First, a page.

Accidentally letting your credit card cash back rewards expire can feel like losing hard-earned money — especially if you were saving up your points to redeem for something special. That’s why it’s important to understand the terms and conditions of your credit card agreement to avoid missing out on free cash.
The good news is that cash back programs from most credit card issuers allow you to use your points indefinitely, as long as your account is in good standing. But, there are always exceptions. If you’re wondering whether your particular credit card’s cash back rewards will expire, read on. We’ll go over each issuer’s policy in detail and provide some expert advice for maximizing your credit card rewards earnings and redemptions.
When Cash Back Rewards Expire by Credit Card Issuer
“Most cash back rewards from the major credit card issuers don’t expire, but there are some that do, so you really have to pay attention to the rewards program so you understand what the rule is,” says Beverly Harzog, bestselling author and credit card expert for U.S. News and World Report.
Some issuers may freeze your access to earning and redeeming rewards while your account is delinquent. With others, you may lose your points irrevocably if you make a late payment or otherwise violate the terms of your agreement. “It’s important that cardholders remain in good standing so that they can continue to take advantage of their credit card’s rewards program, in addition to avoiding other implications from having a delinquent account,” says Paramita Pal, head of U.S. Bankcard at TD Bank.
If you’re planning to close a credit card, Harzog recommends redeeming your rewards before you close your account, since you typically won’t have access to them afterward.
Here’s what you need to know about cash back rewards expiration by issuer:
- You close your account and don’t redeem your points within 30 days
- Your account becomes more than 60 days past due
- You violate the terms of your Chase agreement
- You file for bankruptcy
- Chase believes you are unwilling or unable to pay or that you’ve engaged in fraudulent activity related to the program (like buying or selling points) or misused the program in any way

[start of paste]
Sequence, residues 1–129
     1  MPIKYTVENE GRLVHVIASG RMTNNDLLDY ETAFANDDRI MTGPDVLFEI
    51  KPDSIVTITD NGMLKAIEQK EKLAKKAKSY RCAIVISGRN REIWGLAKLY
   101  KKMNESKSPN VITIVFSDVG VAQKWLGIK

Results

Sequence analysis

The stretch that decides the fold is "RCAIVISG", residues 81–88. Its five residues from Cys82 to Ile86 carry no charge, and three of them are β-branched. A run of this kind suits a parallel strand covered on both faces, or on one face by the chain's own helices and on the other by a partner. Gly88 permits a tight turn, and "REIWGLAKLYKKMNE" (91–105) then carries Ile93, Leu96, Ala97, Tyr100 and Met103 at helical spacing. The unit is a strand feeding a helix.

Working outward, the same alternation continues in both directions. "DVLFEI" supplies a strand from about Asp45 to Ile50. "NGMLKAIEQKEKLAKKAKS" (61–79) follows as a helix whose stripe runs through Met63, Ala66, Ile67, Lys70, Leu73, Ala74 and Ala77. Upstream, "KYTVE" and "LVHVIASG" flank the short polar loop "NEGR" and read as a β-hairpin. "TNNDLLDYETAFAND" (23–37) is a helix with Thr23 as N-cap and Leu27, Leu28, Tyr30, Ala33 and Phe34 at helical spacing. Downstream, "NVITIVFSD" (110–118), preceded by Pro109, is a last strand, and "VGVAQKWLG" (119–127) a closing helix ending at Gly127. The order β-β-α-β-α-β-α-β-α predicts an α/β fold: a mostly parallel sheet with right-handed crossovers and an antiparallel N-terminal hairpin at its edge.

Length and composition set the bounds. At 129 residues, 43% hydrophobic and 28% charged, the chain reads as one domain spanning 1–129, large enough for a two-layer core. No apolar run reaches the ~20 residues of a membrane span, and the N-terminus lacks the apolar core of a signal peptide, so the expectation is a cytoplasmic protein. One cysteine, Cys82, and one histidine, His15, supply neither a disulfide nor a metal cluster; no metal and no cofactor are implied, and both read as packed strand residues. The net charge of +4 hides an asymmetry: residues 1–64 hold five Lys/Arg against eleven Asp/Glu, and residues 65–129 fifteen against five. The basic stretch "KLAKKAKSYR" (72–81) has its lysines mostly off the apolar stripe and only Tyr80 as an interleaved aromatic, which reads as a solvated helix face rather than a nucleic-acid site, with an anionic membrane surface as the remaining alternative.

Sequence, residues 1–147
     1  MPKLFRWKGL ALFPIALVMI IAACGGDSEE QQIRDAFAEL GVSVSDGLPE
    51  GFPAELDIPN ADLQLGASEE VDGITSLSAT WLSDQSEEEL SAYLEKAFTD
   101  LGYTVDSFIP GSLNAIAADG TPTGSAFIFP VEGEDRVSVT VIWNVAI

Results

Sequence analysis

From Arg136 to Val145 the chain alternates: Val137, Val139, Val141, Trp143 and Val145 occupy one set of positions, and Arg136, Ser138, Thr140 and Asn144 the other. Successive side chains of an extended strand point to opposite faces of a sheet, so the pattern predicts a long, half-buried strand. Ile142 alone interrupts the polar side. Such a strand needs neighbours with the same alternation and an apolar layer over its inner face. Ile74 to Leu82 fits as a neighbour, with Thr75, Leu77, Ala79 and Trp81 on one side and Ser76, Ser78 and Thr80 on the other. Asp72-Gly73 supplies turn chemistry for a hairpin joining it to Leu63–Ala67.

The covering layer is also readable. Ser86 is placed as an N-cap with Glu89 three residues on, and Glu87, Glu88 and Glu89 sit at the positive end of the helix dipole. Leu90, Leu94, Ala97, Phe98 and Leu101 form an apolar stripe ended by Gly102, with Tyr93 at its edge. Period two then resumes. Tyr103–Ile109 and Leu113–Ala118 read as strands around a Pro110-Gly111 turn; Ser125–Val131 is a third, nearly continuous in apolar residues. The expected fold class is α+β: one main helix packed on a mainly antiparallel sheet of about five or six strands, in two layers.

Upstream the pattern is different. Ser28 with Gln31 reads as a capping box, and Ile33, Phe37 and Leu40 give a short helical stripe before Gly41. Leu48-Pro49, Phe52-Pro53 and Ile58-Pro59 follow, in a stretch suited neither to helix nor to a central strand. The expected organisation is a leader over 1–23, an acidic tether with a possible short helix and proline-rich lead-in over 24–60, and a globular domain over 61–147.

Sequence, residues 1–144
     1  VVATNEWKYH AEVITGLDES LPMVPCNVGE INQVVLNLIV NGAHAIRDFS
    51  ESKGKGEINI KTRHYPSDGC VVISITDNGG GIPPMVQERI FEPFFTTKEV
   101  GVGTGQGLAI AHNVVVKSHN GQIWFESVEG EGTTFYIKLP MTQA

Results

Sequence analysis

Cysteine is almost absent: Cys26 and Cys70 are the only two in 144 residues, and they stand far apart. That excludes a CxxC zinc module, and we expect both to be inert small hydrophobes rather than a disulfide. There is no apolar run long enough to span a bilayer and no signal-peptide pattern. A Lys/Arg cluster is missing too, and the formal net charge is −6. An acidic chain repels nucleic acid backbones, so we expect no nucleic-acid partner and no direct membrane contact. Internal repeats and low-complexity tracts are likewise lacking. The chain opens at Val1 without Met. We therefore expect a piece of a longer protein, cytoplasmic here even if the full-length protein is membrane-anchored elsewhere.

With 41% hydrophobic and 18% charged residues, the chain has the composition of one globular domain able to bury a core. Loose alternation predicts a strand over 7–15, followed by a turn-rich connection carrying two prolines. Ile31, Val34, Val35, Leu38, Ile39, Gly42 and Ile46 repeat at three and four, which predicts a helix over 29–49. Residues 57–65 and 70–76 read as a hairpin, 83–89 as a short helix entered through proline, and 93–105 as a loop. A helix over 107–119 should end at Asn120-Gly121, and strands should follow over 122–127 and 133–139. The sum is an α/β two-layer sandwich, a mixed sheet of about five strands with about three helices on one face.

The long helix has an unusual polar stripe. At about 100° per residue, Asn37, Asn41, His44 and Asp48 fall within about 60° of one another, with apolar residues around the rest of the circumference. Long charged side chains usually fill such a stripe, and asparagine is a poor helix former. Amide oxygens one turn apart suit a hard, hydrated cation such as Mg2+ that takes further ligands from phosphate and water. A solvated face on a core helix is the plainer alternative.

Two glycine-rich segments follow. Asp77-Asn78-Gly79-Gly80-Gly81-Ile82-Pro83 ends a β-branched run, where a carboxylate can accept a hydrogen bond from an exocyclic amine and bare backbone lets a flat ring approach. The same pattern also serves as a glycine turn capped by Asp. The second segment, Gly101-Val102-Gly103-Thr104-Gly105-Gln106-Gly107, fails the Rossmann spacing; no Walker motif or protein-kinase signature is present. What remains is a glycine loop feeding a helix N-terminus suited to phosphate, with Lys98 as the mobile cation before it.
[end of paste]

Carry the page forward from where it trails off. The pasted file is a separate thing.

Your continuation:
If you die, Chase automatically redeems your rewards as a statement credit.
Capital One rewards never expire as long as your account remains open, and there’s no limit on what you can earn. The only way to lose your Capital One rewards is to close your account. However, you won’t be able to redeem your rewards during a time when your account is “suspended, restricted, delinquent, or otherwise in default.”
If you close your last remaining Wells Fargo credit card account, Wells Fargo will close your rewards account and you’ll immediately forfeit any points you’ve earned in your entire account. If you have multiple Wells Fargo credit cards and close one of them, your rewards will remain in your rewards account. If you have multiple cards and Wells Fargo closes one of them, you’ll lose any points on the card being closed, but no other rewards in your account will be affected.
You also can’t earn or redeem rewards while your account is delinquent, which happens if you do not make a minimum payment on time. But you’ll have access to them once your account is returned to good standing.
If your card is closed due to your death, your estate must notify Wells Fargo within one year to redeem any rewards on the account.
If you cancel your American Express credit card, you’ll immediately lose your points, unless you have another linked product in your rewards account. If American Express cancels your card due to inactivity, you’ll still have 90 days to redeem your rewards. If you don’t pay your bill on-time, you’ll forfeit the points earned during that billing period — to get them back, you must pay applicable late fees and return your account to good standing before requesting your rewards from American Express.
With Discover, your account must be in good standing to earn rewards, but your points never expire. If you close your account or don’t use your card for 18 months, Discover will send you a check or credit your account with your rewards.